Wednesday, April 24, 2013

One week countdown...
T minus 6 days until I leave for Ghana...So, why am I going?  Here is some background:

Sometimes, you see, hear or read something that inspires you.  That thing can make you forget the negative headlines you see and hear in the media every day.  It can make you realize that the world is actually full of good people, people who have good hearts that like to give their time & energy to try and make the world a better place for others.

I was somewhere in Idaho, on a road trip with my wife and 2 kids over this past Christmas break, when my wife Jenny read me the article from my son's school magazine.  The Pegasus School is a private Pre-K through 8th grade school, which my 13-year-old son attends.  I was so inspired by what the 8th grade teacher, Mr. Jim Conti was doing, I decided I wanted to get involved as well.  
As my wife read on, I learned that in fishing communities along Lake Volta, Ghanaian children are being sold into a life of forced labor, malnutrition, abuse and no schooling. Traffickers prey on poor families in source communities along the country’s coast. Typically, the families are told by the trafficker that if they let their children come to the lake, they will live with relatives who will care for them and send them to school in exchange for a few hours work after school. In reality, the children are forced to work long hours on the boats in dangerous conditions. A typical day might begin at 3 am and end at 8pm and include challenging tasks such as casting nets, diving, and hauling, with only one meal served. Children often get stuck in the nets at the bottom of the lake. If a child is caught escaping, the consequences can be brutal. Often the families do not hear from their children again. 

In Ghana, Lake Volta was created in 1965 with the construction of the Akosombo Dam, which provides electricity for much of the nation. When the lake was formed, the terrain under it was flooded. Fishermen on the lake set nets from primitive, wooden canoes, and the nets frequently get caught on the trees that still exist underwater. To survive economically, the fishermen need cheap labor. They find it in children, some as young as six years old, who spend their days bailing water out of the boat and diving into the lake to free nets. All have been abducted from their families or sold by poverty-stricken parents.  Many of these children have no memory or connection to their village.

It is with this backdrop that David Yayravi Lee founded the Crossover International Academy.  Lee, a Togolese refugee living in Ghana, founded Crossover in Akosombo to house and educate former slave children who have been rescued yet remain orphaned by their circumstances.  Today, there are over 250 children who call The Crossover Academy home.  With tireless dedication of Lee, Crossover provides more than a home or primary education.  It is the lost family, the forgotten village, and the singular identity of all who reside there. 

Here is their story as told by their founder…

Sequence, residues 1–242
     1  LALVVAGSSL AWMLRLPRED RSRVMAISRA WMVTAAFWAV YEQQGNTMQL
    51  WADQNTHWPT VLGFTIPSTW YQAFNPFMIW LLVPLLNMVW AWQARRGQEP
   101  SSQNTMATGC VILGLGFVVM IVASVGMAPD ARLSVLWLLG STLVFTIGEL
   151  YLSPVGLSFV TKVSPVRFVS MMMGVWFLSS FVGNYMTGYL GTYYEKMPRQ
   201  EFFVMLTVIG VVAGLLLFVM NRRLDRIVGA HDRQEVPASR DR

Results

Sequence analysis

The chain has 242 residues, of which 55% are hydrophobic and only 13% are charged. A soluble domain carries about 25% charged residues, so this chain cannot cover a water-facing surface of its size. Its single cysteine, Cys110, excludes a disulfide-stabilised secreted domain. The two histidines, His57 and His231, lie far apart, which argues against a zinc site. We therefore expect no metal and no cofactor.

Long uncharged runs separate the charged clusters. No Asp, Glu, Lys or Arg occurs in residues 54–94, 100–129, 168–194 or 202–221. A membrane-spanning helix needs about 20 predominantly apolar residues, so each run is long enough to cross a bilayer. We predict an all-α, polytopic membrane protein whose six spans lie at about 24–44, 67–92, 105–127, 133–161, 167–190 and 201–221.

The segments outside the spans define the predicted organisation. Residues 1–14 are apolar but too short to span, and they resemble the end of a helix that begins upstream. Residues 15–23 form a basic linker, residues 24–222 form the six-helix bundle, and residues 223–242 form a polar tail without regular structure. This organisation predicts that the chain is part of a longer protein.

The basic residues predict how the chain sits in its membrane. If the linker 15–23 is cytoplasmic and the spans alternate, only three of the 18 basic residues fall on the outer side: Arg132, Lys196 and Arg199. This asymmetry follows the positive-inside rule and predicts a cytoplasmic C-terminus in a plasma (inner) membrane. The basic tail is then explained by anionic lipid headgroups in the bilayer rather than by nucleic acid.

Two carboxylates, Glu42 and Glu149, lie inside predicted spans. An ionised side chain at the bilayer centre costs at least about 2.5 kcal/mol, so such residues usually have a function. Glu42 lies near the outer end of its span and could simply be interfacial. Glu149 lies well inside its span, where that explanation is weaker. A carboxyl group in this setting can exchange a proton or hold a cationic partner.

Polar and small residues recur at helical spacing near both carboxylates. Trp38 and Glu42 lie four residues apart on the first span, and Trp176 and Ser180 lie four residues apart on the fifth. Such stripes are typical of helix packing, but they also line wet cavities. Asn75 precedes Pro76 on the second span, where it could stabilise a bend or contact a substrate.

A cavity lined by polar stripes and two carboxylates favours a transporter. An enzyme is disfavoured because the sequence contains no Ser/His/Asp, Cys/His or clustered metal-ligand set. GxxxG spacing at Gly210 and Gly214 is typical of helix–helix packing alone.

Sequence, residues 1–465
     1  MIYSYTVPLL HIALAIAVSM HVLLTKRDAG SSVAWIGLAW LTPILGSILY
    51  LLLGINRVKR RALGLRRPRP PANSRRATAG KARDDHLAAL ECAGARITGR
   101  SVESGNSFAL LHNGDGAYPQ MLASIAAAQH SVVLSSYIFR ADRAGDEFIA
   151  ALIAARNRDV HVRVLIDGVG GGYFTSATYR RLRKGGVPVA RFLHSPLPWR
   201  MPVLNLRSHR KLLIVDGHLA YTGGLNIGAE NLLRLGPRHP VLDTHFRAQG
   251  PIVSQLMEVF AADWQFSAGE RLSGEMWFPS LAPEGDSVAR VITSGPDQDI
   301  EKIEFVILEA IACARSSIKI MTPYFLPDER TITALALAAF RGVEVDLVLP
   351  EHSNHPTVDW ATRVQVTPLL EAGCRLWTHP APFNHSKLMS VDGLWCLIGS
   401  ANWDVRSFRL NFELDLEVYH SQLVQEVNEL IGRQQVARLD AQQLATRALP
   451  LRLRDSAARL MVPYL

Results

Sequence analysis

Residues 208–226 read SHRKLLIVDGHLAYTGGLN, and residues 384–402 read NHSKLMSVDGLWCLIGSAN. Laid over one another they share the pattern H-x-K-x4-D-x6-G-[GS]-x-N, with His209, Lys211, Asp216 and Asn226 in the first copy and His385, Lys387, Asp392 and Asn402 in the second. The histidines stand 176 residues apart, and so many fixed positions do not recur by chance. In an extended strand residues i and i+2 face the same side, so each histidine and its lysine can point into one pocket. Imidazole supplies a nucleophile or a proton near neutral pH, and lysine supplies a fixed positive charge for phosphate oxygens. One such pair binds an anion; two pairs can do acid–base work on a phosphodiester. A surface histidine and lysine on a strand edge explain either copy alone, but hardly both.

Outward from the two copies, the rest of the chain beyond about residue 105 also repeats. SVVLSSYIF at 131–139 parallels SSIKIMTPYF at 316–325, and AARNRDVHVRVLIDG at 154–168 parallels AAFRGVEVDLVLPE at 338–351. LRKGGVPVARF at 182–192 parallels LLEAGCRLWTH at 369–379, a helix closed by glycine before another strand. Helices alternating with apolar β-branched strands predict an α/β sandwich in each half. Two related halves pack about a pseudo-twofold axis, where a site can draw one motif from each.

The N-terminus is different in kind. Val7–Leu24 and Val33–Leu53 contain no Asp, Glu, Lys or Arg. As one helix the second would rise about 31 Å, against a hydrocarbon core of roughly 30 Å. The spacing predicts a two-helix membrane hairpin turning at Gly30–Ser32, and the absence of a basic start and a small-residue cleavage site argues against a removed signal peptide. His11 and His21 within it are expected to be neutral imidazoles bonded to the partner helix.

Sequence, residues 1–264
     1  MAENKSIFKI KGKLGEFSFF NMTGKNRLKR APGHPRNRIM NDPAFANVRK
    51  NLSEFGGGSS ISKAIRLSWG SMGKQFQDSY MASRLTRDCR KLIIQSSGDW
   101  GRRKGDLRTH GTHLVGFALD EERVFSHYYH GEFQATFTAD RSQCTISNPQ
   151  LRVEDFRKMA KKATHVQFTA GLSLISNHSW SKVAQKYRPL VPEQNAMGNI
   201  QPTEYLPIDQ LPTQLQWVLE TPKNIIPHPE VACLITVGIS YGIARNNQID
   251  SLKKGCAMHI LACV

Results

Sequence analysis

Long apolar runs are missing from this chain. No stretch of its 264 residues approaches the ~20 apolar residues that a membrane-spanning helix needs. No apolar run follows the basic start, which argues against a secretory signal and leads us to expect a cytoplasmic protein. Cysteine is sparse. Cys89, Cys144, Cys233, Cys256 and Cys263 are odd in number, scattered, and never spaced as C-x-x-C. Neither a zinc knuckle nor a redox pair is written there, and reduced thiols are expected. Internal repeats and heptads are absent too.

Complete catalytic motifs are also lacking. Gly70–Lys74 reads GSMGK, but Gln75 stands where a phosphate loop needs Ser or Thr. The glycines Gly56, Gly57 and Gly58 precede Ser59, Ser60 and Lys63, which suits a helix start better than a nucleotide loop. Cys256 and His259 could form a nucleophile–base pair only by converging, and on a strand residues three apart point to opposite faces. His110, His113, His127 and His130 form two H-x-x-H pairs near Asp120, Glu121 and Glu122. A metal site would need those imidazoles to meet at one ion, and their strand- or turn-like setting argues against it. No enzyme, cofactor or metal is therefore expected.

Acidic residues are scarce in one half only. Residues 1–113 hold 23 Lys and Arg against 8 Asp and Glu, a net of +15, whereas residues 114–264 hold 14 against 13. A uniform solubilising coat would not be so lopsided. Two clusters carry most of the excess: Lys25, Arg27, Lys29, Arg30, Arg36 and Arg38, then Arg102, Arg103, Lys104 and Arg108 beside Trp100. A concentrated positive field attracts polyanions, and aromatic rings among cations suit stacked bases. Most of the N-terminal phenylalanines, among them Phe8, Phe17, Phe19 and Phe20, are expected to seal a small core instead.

"Crossover is a small, rural school for marginalized kids (rescued trafficked children, former child labourers, former child prostitutes, refugee children from Liberia, Sierra Leone and  la Cote d'Ivoire, etc) located on the left bank of Lake Volta. It is a free education school which of course has no parent teachers union since the children are without known parents.

Our school  is made of thatched sheds. 
We have no website, we cannot afford the cost.

We live by fishing on the Volta lake and farming. We study under trees and under grass roofed sheds.  We have from K-8 grades.

In spite of these hurdles I am able to eke out the best out of these children and you find some of the most intelligent kids here.

We lack everything here: no school supplies, only one laptop for the 245 students, few old National Geographic magazines which we use as readers, slates; in fact we have nothing to compare us to what you call a school in the USA except the zeal and intelligence to learn and break out of the vicious cycle of poverty.  Abject poverty and scarcity have far too long been our faithful companions."

While Lee has done an unbelievable job in providing a school & home for these children, Crossover is still lacking in some basic human requirements that most of us take for granted every day.   For example, the children do not have a proper structure to sleep in every night.  In Ghana, there are strong winds, rain and other elements that make it unhealthy, dangerous and extremely uncomfortable to sleep outside.  This will surely be on the short list of things to address.
Jim Conti and I have decided to embark on a specific project.  We are creating a program for that will allow the Pegasus students and the Crossover students to interact together in an international entrepreneurial spirit to start an import/export coffee business together.   The students in both countries will be split up into groups:  one group for logistics, one for finance, one for marketing, one for sales, one for IT, etc.  And these groups will function separately but together to accomplish a common goal: to create a sustainable business that will fund not only a large dormitory for all the students at Crossover, but to hopefully create an ongoing profitable business that will provide some income so that Crossover is able to provide its students with a constant supply of food, shelter, text books, supplies, clothes and perhaps even scholarships to attend universities abroad someday.

So, I have 3 huge bags (70lbs each) I am bringing with me.  One of the bags is full of t-shirts, generously donated by Eddy Chavez, who owns ei-LO.  Another bag contains a bunch of soccer jersey's (250 to be exact) and the last bag has some goodies from Costco.